Billionaire Elon Musk posted on social media late Monday that his brain-computer interface company, Neuralink, implanted an experimental device into the brain of a human for the first time Sunday.
According to Musk’s posts, which appeared on the platform formerly known as Twitter, the recipient is “recovering well,” and the results in the first 24 hours show “promising neuron spike detection.” Neuralink implanted the person with a device called Telepathy, which is intended to allow users to control devices, such as phones and computers, only by thinking.
The implantation comes around eight months after the company announced that the Food and Drug Administration had finally granted a long-sought approval to begin its first human trial. Recruitment for the trial began in September. Musk had claimed to be nearing trials starting as early as 2020, but the FDA reportedly denied approval in 2022, citing a list of dozens of “deficiencies” and safety concerns that Neuralink had yet to address.
According to a brochure on its website, Neuralink’s trial, called the PRIME (Precise Robotically Implanted Brain-Computer Interface) Study, is designed to test both the brain-computer interface implant and the surgical robot the company uses to delicately implant the device directly into brain tissue involved in movement intention. People eligible to volunteer included people who had lost the use of all four limbs due to a spinal cord injury or amyotrophic lateral sclerosis (ALS).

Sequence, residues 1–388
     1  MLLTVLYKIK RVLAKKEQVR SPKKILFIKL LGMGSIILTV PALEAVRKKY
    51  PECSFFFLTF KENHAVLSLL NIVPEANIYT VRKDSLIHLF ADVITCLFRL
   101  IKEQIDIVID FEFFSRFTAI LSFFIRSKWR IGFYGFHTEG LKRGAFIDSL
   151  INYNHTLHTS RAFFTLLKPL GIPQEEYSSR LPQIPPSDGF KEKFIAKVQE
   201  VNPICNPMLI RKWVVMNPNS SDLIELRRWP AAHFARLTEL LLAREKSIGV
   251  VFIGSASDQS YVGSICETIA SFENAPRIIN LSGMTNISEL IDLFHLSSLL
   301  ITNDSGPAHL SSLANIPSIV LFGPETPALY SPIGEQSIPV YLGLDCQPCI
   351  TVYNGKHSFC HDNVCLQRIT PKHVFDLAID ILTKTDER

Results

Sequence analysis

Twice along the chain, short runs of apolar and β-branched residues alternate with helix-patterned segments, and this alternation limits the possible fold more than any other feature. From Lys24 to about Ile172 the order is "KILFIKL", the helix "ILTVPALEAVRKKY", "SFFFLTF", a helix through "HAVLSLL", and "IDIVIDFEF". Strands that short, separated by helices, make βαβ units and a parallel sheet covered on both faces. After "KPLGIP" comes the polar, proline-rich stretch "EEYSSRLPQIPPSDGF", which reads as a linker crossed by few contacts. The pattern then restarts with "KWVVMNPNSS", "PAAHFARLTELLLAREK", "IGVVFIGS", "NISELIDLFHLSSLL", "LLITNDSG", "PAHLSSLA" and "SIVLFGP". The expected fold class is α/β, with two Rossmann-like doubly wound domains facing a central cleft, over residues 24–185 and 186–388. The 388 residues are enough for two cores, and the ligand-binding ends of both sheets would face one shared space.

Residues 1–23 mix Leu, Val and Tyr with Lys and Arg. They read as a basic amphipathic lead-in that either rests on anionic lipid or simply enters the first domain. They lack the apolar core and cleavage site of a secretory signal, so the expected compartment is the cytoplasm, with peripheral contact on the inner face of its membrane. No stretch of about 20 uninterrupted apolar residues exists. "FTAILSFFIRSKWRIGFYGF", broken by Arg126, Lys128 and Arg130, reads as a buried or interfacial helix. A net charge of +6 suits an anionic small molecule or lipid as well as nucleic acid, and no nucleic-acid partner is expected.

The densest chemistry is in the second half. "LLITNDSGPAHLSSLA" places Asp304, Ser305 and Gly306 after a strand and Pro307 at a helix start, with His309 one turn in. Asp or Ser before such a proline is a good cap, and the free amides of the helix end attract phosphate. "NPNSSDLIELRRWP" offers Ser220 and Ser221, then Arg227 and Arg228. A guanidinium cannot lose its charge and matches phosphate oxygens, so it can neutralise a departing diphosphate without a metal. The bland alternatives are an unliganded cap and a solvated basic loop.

Neuralink did not immediately respond to Ars’ request for comment. As of the time of publication, the company had not released any news or information about the trial’s progress or the first human recipient. It also appears that the company has still not registered its clinical trial on the federal registry for clinical trials (clinicaltrials.gov). However, it did repost Musk’s postings from Monday on its own social media account.
Neuralink’s first human implantation comes after a string of problems and federal scrutiny, in addition to the delayed start of its clinical trial. The company is reportedly under federal investigation for alleged animal abuse, including accusations from current and former Neuralink employees of “hack job” surgeries and needless suffering and deaths of pigs and monkeys. Last week, Reuters reported that the company was fined for violating US Department of Transportation (DoT) rules regarding the movement of hazardous materials, including xylene, a toxic and flammable solvent sometimes used in tissue processing. Even with the progress on its clinical trial, Neuralink is still considered far behind competitors, such as Blackrock Neurotech, which has years of clinical work under its belt.